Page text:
WisBusiness: Gundersen Lutheran remains active in bad times

By Gregg Hoffmann

For WisBusiness.com

Gundersen Lutheran made big news right before the end of 2009 when it bought a minority share of Logistics Health Inc.

The move linked two La Crosse-based companies that have nationwide — even global — reach. But by no means is the move the only partnership and expansion Gundersen Lutheran has participated in during overall challenging times for any business.

The company, which consists of three corporations — Gundersen Lutheran Inc. (the parent corporation), Gundersen Clinics Ltd, and Gundersen Lutheran Medical Center — runs a non-profit hospital with more than 300 beds, over 20 for-profit clinics and provides health care services in 19 counties over three states — Wisconsin, Minnesota and Iowa.

It has partnerships with affiliated rural hospitals and nursing homes, as well as a Global Partners program. These affiliations and programs have continued to grow during the recession.

“We have continued to expand,” said Jerry Arndt, senior vice-president of business operations for Gundersen Lutheran. “I think it starts with our philosophy. We believe there will be a future. You can’t just hunker down and do nothing. There are opportunities all the time.

“To do nothing is a bad business plan in our opinion. We keep planning for the future and try to do some innovative things. We try to stick with our mission.”

That mission really started in the 19th Century when Dr. Adolf Gundersen first started providing health care in the area. The Lutheran Hospital first opened in 1902, and in 1917 Gundersen set a national precedent by insisting that the hospital have say over what doctors practiced at the hospital. Some doctors who were excluded sued but the Wisconsin Supreme Court agreed with Gundersen.

After that the hospital became known for innovation, high standards and outreach. In 1995, Lutheran Hospital-La Crosse and Gundersen Clinic joined to form Gundersen Lutheran Inc.

Today, Gundersen Lutheran treats more than 1 million patients per year, combined inpatient and outpatient care, and employs more than 6,000 people, not including the doctors and associate staff. Those two groups number more than 700.

Gundersen Lutheran has been cited as an example of what modern health care facilities should strive for, with emphasis on quality health care and up-to-date facilities and record keeping.

Politicians as diverse as Democrats Sen. Russ Feingold and Rep. Ron Kind and Republican Newt Gingrich have cited the company as an innovator during the health care debate.

At its La Crosse campus, Gundersen Lutheran recently converted a former Gund brewery building into a data center with state-of-the art record keeping. “That is being completed as we speak,” Arndt said during a January interview. “We’ve also updated equipment. Electronic medical record keeping is very important to providing quality care.”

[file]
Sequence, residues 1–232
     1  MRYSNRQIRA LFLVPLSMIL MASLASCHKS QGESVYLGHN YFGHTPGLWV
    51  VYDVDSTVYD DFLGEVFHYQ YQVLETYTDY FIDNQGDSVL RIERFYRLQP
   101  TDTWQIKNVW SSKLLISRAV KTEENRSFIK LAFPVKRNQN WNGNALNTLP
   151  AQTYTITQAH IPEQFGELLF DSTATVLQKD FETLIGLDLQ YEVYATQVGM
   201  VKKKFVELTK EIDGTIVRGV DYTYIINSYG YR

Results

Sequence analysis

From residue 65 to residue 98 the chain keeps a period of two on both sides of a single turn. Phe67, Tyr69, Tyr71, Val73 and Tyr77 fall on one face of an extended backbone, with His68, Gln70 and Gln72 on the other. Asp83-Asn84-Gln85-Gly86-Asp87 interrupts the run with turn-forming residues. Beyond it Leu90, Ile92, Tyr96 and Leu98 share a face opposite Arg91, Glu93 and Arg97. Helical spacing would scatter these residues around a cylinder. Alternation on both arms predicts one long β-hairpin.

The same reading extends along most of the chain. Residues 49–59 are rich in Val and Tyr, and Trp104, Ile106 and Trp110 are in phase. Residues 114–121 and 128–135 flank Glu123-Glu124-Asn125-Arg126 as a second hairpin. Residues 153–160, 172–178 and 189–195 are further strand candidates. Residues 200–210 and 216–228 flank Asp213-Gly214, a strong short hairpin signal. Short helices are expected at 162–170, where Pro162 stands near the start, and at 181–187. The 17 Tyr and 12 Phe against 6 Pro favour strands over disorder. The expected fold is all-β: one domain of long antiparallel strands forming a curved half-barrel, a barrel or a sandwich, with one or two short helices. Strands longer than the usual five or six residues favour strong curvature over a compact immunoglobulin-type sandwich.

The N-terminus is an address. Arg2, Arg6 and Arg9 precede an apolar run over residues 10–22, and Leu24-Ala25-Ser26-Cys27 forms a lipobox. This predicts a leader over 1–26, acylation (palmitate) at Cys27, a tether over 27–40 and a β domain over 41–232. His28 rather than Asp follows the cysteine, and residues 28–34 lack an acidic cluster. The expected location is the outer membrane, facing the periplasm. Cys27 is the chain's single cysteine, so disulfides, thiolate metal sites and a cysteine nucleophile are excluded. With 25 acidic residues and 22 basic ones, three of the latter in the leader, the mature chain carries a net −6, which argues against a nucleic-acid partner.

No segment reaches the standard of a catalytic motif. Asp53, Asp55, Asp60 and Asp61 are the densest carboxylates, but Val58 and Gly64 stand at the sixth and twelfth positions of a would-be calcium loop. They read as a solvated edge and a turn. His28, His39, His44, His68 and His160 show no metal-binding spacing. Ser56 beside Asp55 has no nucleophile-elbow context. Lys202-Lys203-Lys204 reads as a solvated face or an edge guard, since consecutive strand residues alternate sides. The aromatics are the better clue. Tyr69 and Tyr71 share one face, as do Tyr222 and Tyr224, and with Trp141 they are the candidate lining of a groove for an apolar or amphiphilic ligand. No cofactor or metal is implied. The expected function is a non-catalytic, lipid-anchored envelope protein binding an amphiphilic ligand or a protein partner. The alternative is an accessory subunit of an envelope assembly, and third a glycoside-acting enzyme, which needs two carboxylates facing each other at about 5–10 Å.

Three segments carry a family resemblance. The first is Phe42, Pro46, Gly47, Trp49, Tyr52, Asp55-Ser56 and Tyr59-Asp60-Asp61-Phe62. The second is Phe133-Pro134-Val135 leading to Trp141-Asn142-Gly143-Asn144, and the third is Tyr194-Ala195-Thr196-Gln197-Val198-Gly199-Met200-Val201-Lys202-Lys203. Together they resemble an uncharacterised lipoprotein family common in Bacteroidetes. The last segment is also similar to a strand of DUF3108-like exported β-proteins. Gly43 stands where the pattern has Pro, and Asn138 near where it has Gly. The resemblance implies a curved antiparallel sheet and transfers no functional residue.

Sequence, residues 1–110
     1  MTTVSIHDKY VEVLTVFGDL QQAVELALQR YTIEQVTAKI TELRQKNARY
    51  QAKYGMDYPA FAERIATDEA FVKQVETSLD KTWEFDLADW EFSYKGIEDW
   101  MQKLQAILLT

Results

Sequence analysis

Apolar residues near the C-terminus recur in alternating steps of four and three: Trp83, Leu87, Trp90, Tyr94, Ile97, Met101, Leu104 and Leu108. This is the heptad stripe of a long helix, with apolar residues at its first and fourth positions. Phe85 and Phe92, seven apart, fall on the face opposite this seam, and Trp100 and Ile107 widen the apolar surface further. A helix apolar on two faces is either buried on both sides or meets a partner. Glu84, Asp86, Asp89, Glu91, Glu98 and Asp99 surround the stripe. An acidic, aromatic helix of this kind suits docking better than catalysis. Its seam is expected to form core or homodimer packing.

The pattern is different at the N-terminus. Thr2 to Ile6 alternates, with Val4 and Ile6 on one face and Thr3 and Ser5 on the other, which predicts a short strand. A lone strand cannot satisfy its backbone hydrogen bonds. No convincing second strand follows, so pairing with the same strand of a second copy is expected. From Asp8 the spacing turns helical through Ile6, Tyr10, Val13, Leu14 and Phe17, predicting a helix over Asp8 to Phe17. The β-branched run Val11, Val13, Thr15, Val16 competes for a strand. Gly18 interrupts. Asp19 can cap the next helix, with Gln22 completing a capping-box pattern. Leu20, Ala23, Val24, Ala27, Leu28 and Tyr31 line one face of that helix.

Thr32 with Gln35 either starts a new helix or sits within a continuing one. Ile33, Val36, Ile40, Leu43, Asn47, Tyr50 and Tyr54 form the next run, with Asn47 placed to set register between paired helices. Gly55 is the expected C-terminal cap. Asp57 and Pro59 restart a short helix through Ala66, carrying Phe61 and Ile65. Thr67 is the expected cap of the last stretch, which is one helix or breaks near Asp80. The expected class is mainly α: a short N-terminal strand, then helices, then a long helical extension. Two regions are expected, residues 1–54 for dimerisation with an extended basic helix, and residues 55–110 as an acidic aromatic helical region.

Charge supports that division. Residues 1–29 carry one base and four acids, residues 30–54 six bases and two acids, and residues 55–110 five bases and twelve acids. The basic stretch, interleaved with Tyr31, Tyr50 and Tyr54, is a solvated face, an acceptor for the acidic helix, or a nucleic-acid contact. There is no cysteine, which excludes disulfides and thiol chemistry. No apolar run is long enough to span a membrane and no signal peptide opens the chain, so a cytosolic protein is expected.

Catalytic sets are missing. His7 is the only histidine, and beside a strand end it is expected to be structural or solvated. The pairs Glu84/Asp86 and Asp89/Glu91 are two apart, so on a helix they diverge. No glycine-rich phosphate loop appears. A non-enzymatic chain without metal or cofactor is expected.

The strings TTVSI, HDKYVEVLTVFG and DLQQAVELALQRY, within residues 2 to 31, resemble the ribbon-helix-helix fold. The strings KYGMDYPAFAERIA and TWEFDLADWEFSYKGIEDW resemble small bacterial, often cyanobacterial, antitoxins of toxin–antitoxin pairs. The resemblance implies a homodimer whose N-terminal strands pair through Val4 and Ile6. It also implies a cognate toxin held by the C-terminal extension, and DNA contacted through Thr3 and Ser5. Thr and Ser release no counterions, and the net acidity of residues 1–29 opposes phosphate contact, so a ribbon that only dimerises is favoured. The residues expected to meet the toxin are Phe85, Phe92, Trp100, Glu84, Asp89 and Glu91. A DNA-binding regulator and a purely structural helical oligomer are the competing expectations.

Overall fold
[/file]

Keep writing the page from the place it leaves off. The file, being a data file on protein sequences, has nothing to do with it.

The campus also receives a portion of its electricity from a partnership with nearby City Brewery, which captures methane from the brewing process and converts it to power through a generator. The campus also has undergone major retrofitting to make it more energy efficient. Such efforts help keep the cost of health care down, company officials say. The efforts were profiled in a WisBiz GreenBiz feature last year.

Gundersen Lutheran has expanded clinics in La Crescent, Minn., Onalaska, Tomah, Decorah, Iowa, and elsewhere in recent years. An ExpressCare clinic program has locations in Holmen, Onalaska and La Crosse. Another program has also been expanded to provide primary care in locations other than the usual health care facilities.

“We provide care at a facility in Ashley Furniture in Arcadia for example,” Arndt said. “We have another similar program at Rockwell in Richland Center.”

Affiliations with rural hospitals have grown. “We believe we can grow with rural hospitals, not hurt them through competition,” Arndt said. “We provide services at some of these regional hospitals, but don’t want to take away the importance of those facilities to their communities.”

Gundersen Lutheran also has expanded sponsorships and support for many community activities, charities and causes, including the Miracle Network and others. The outreach goes beyond the company’s geographic service area. The Global Partners program includes outreach to Nicaragua, Tanzania and the Pine Ridge Reservation in South Dakota.

On the day of the interview with WisBusiness.com, Arndt and others were coordinating the logistics of moving personnel and medical supplies to and from Haiti, after the earthquake there.

“Our mission is more than just making money,” Arndt said. “We don’t make much money on some of these outreach efforts. These programs and outreach provide us with opportunities to become bigger than just our own world here.”

The latest Gundersen Lutheran move — buying into Logistics Health (LHI) — provides potential opportunities for both making money and extending care and influence beyond the western Wisconsin area.

LHI has been a fast growing company that provides occupational health services to employers with geographically dispersed employees, including many in the military.

“It makes sense from an investment standpoint, since Logistics Health has been a rapidly growing company,” Arndt said. “We are diversifying our portfolio within the health care industry.

“There is an opportunity for synergistic growth for both companies in the future. It also is a local partnership, which will create jobs and help the local economy. I think it’s a win for both companies as well as the community. That‘s the kind of thing we‘re trying to do here at Gundersen Lutheran.”